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Hollywood nostalgia-fest 

The bad old days: The film industry is in the habit of giving kudos to movies stuck in the past. We separate the fresh from the stale this awards season.

click to enlarge Charlize Theron making one of many bad choices in Young Adult, an awards season film you should see.
  • Charlize Theron making one of many bad choices in Young Adult, an awards season film you should see.

There's an historic notion of nostalgia as a mental disorder, now largely discredited. In film, we can still rely on what's new being interesting. Knowing your history is valuable, but too much looking back is stultifying. It's bad for art.

Hollywood doesn't always see things that way. Now, in the midst of awards time---the Golden Globes are Sunday, followed shortly after by the Academy Award nominations---a number of the movies propped up by the powers that be (a pretty small group of insiders, incidentally) share a troubling theme: wallowing in the past.

Take Woody Allen's Midnight in Paris, the biggest hit of his long career, a slight, funny movie nominated for Best Motion Picture (Comedy or Musical) at the Globes. The story of a man who travels in time back to Paris of the Roaring '20s is awash in a cozy nostalgia, in contrast to the film's explicit message, a warning against the vary thing in which it revels. It's disingenuous, but who cares since everyone likes it? But it neither approaches Allen's best work, nor the most interesting films of the year. (With apologies to Coast film critic Molly Segal, who would disagree.)

Consider The Artist, a European movie earning big buzz as a lively homage to Hollywood of the past---expected to open in Halifax on January 20. It's a black and white, (mostly) silent feature that retells A Star is Born, a film from 1937 starring Janet Gaynor and Frederic March, remade twice.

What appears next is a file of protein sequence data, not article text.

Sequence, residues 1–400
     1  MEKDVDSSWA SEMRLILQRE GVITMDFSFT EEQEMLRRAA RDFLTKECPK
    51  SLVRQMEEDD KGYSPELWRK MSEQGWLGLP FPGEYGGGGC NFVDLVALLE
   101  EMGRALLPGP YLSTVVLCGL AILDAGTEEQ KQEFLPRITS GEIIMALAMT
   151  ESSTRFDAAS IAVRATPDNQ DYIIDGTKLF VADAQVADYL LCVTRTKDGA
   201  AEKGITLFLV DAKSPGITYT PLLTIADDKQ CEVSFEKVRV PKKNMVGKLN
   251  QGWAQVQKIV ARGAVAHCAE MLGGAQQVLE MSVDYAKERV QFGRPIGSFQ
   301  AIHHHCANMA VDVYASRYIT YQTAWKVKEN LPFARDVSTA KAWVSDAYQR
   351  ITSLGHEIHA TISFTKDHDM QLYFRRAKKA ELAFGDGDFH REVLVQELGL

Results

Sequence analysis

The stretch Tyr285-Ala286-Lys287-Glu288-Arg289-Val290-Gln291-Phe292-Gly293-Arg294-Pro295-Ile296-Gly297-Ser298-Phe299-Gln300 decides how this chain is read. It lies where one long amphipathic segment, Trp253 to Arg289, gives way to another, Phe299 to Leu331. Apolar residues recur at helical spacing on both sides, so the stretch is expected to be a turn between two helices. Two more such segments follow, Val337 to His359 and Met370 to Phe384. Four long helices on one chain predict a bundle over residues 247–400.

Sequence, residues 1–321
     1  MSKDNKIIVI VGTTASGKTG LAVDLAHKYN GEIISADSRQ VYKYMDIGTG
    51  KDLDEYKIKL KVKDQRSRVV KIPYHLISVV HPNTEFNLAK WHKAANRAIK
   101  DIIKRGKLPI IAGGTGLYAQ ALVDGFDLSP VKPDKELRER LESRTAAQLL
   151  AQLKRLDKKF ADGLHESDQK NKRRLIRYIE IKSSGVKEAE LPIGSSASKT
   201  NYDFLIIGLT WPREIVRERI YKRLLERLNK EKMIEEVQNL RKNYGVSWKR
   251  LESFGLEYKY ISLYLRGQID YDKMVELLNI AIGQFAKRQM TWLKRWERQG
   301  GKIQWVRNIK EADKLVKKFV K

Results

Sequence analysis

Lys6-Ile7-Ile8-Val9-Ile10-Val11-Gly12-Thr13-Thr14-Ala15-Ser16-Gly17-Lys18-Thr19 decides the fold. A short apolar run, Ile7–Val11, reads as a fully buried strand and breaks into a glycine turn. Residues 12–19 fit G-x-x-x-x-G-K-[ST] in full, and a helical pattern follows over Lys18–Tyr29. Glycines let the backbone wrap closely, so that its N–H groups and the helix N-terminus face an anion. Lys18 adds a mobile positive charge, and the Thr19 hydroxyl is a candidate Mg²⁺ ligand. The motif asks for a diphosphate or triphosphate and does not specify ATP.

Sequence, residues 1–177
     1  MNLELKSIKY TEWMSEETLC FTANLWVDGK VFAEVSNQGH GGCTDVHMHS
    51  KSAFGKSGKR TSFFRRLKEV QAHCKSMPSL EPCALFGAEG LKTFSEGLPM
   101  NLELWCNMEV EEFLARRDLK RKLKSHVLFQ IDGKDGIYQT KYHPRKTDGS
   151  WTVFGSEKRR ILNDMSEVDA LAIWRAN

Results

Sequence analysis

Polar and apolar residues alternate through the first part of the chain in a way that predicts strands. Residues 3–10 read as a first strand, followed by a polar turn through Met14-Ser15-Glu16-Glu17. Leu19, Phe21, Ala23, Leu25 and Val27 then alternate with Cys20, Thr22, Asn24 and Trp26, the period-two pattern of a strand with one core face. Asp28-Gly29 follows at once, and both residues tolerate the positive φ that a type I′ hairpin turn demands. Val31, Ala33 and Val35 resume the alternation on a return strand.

The Artist's silence has been embraced as shorthand for a purity of storytelling, a "unique enchantment," in Roger Ebert's words. And while it's fun and engaging, its silent movie format is hardly novel, an 80-year-old trope servicing a story that was best told not in its original form or even in the remakes, but in the great Bette Davis picture All About Eve. Is this the best movie of 2011? A loving tribute to a vanished era telling an over-familiar tale?

Another Golden Globe-nominated film is Martin Scorsese's Hugo. It's a gorgeous and dream-like picture, paying tribute to Georges Melies, French pioneer of the moving image. Scorsese has forgotten more about cinema history than most people will ever know, but instead of making a stolid historical drama, he cleverly chose to shoot this in 3D, bringing film history alive in a way modern audiences can connect with. But while it has a timeless message about the magic of film, it's also like its shiny automatons: self-contained, a movie about moviemaking.

Golden Globe-nominated My Week with Marilyn and The Help glamourize history in their own insular ways, but the most recent and egregious example of a backwards vision has to be from Steven Spielberg. His World War I drama War Horse may be inspired by the great work of John Ford, but it also indulges Spielberg's worst instincts for dewy-eyed sentimentalism and super-annuated style.

In the decades to come, when people look back on 2010, it'll be The Social Network, 127 Hours and Inception that will be the significant films. They're of and from the moment, brilliant and timely. Looking at 2011, better choices for movies that have something to say relevant to our lives include Young Adult, The Descendants, Beginners and even Terrence Malick's cosmic epic The Tree of Life.

Those are the movies that deserve both attention and adulation, more so than the ones that, however well they may do it, are crafted to honour the past. Keep that in mind when lining up to see a "new" movie.


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